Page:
Monday, August 21, 2006

Packed Close

Reading this article in the Natural History Magazine about the design of homes in a Neolithic town reminded me of the few days I had spent at Varanasi and the awed claustrophobia of walking down Vishwanath Gali. Back in my home town, trash was emptied through a hole in the courtyard wall into a 'gali'. Once every week, day laborers carted it all away. It was more efficient a system than most towns could boast of.

Seeing houses packed like sardines in old neighborhoods is a common sight in India. Sunlight never reaches the some rooms, leaving behind a pervasive mustiness that gets into your bones. The road between rows of houses is a narrow serpentine maze. You desperately wait for it to end and lead to something wide, opener and brighter - like a baby pushing itself out of its mother's womb.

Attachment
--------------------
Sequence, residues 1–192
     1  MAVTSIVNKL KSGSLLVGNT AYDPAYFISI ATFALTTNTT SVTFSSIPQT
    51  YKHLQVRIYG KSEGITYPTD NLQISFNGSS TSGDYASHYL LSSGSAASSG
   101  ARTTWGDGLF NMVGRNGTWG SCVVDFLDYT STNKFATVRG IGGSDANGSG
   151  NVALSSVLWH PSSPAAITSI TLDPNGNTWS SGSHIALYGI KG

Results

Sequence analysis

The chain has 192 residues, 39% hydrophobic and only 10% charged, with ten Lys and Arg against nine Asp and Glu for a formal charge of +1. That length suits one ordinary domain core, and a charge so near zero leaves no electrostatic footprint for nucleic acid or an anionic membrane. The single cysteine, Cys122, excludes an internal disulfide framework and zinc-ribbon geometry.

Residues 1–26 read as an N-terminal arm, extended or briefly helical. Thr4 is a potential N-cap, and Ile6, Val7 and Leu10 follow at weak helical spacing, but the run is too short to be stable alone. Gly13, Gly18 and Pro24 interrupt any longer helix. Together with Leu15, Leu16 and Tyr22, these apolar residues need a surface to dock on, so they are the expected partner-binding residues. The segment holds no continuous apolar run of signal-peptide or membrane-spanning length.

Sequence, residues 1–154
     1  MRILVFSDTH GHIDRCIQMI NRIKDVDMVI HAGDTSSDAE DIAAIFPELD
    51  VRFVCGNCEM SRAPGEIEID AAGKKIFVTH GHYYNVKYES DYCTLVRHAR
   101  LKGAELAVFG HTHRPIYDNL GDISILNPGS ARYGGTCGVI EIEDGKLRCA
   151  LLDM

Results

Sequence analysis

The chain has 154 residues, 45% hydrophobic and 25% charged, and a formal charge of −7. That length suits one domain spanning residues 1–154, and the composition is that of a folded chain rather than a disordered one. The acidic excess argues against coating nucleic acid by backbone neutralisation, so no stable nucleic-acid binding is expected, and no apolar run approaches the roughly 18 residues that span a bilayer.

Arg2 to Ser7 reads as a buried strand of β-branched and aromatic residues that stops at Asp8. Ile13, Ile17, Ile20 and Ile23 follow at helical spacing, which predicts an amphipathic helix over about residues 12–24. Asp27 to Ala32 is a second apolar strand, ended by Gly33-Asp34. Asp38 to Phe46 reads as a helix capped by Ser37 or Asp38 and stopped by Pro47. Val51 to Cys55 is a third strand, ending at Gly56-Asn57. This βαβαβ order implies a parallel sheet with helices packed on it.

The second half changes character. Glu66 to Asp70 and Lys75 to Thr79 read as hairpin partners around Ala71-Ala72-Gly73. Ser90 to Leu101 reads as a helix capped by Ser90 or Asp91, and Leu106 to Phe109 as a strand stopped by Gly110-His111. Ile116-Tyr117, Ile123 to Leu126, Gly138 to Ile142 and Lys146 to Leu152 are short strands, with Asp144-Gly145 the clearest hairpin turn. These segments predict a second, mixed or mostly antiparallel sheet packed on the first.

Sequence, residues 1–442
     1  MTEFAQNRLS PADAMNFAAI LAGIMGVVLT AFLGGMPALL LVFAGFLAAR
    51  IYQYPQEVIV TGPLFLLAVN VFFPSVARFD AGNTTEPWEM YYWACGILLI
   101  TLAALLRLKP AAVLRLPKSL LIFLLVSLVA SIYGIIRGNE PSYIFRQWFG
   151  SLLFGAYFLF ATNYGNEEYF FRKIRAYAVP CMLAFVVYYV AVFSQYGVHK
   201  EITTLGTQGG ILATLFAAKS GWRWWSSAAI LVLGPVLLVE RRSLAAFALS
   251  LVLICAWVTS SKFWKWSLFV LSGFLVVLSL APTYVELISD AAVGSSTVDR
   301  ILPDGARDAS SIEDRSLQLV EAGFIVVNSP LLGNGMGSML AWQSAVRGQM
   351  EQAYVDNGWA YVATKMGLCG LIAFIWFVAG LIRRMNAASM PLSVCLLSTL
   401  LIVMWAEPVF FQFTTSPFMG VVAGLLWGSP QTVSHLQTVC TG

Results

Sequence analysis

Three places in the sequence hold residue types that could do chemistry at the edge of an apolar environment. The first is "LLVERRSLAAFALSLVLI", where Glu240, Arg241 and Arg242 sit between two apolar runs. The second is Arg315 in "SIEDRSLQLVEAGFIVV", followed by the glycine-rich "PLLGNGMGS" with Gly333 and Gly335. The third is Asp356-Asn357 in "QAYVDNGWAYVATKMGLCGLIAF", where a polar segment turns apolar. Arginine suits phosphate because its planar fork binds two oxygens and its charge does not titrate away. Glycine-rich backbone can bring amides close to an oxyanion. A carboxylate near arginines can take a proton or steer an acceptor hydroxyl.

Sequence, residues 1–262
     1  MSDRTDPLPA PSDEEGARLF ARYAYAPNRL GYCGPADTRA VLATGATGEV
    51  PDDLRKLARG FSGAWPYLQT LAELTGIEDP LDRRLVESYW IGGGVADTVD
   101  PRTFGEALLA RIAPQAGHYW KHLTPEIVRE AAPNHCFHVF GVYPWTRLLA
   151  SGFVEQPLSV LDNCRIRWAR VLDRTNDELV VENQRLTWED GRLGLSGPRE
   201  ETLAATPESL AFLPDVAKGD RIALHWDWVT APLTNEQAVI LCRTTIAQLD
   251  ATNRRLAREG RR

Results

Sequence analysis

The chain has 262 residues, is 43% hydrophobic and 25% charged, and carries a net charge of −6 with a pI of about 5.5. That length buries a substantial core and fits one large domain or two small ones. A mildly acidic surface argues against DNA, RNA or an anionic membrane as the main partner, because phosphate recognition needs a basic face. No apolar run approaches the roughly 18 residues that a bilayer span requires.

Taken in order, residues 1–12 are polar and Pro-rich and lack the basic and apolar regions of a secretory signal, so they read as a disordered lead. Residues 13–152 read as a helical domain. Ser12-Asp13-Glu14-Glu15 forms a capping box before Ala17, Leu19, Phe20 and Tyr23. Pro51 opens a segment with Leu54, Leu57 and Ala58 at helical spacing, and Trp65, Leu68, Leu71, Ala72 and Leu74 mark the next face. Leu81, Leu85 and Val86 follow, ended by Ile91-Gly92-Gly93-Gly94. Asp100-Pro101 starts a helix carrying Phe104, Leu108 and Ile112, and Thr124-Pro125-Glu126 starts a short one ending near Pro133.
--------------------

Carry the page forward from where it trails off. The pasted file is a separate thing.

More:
It seemed paradoxical that new neighborhoods that came into existence to meet the needs of a burgeoning population had more open space than these places that had been around for hundreds of years when there were not nearly as many people. Why did people not spread out comfortably when there was land enough for everyone - maybe the answer to that was never quite straightforward - not even in Neolithic times.


Priyamvada_K said...

Neolithic times = times when transportation was WAY different, and people depended on each other for lots of things. Barter system must've been used. Close-packed home also meant more security - from wild animals and wild humans. And packing homes together (sharing walls) meant less effort in built-from-scratch homes.


Heartcrossings said...

Priya - You make an excellent point, specially about the logic of shared walls.